“The road is curved, so the drainage goes to the sides and stuff runs over there and then freezes, leaving giant ice sheets,” Goodman said. “I have heard multiple city administrators saying that the policy is plowing curb to curb, but we have to do something more.”

Goodman also pointed to the larger picture: more advanced biking infrastructure with better plowing quality is concentrated in the downtown area, which puts commuters and residents in the outer city or lower town at a disadvantage.

“We have a housing crisis that’s pushing people out, but we’re also not making it possible for them to have options to commute into town on bikes,” Goodman said. “If you look at Ann Arbor’s borders, especially near the highways and connections to neighboring townships, that is where we are doing the worst.”

Conflict at road intersections

During the public comment section of the Feb. 7 Ann Arbor City Council meeting, community members spoke about their concerns regarding the Medical Center Bridge intersection. According to the city’s 2021 Crash Review, which is released annually, the majority of crash events between 2016 and 2020 occurred at the road intersections.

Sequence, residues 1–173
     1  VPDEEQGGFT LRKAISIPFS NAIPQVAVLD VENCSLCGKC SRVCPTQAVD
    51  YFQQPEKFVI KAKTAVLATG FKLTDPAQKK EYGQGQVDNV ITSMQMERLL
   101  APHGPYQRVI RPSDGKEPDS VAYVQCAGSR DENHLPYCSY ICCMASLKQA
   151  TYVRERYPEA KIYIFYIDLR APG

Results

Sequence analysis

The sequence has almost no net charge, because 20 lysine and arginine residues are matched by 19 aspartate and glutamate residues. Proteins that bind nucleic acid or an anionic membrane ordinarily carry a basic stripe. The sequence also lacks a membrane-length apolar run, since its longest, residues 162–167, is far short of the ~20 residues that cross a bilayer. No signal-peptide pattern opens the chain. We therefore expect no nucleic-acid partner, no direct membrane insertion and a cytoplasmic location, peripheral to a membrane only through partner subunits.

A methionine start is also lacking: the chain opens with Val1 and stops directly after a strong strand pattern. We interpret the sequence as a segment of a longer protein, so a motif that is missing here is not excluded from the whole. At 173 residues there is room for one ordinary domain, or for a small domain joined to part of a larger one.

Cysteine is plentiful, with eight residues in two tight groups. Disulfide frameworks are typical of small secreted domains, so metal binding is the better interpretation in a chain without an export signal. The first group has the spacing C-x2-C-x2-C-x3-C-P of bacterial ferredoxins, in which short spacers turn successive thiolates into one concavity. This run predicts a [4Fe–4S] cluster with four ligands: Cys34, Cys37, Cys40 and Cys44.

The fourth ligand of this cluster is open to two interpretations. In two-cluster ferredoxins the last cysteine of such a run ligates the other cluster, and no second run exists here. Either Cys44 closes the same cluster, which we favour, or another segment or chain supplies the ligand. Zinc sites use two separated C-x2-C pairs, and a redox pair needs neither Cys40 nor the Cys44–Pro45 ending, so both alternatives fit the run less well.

Molly Kleinman, the chair of the Ann Arbor Transportation Commission, told The Michigan Daily she had a close call while biking along Packard Street recently when she was traveling to Central Campus.

“That kind of crash is called a right hook, where drivers turning right onto a street drive across the bike lane, and they don’t check for bikes, or they don’t correctly estimate how quickly the bike is moving,” Kleinman said. “So they turn in front of the bike and either hit the cyclist or the cyclist doesn’t have a chance to stop and they run into the car.”

Crashes are not inevitable, Kleinman said, they could be greatly reduced by adjusting how the roads are designed. She said implementing protected or separated bike lanes is one idea that might help improve bike safety along transportation corridors in Ann Arbor that do not already have them. 

Ann Arbor resident Nick Else, who drives and bikes around the city on a regular basis, said he understands drivers’ reluctance to support bike lanes on every street since his travel time while driving along Main Street is now longer due to the presence of new bike lanes.

“With the protected bike lanes, they now want you to follow the crosswalk signs on a bike in the protective lane,” Else said. “So that confuses a lot of people, especially cars, because they’ve been told all along that bikes have to follow the same laws as cars at these intersections.” 

Having experience with bike riding and driving a car in Washtenaw County, Else said Ann Arbor needs to update its driver education to better accommodate the cyclists.

“Ann Arbor is a city that is built on car culture, so there is a big discrepancy on what cars expect bikes to do and what bikers end up doing sometimes,” Else said. “A lot of times drivers get this sense that bikers just disobey all the laws and defy the cars, but bikes are doing either what they’re supposed to be doing or they have to do to travel.”

Daily Staff Reporter Chen Lyu can be reached at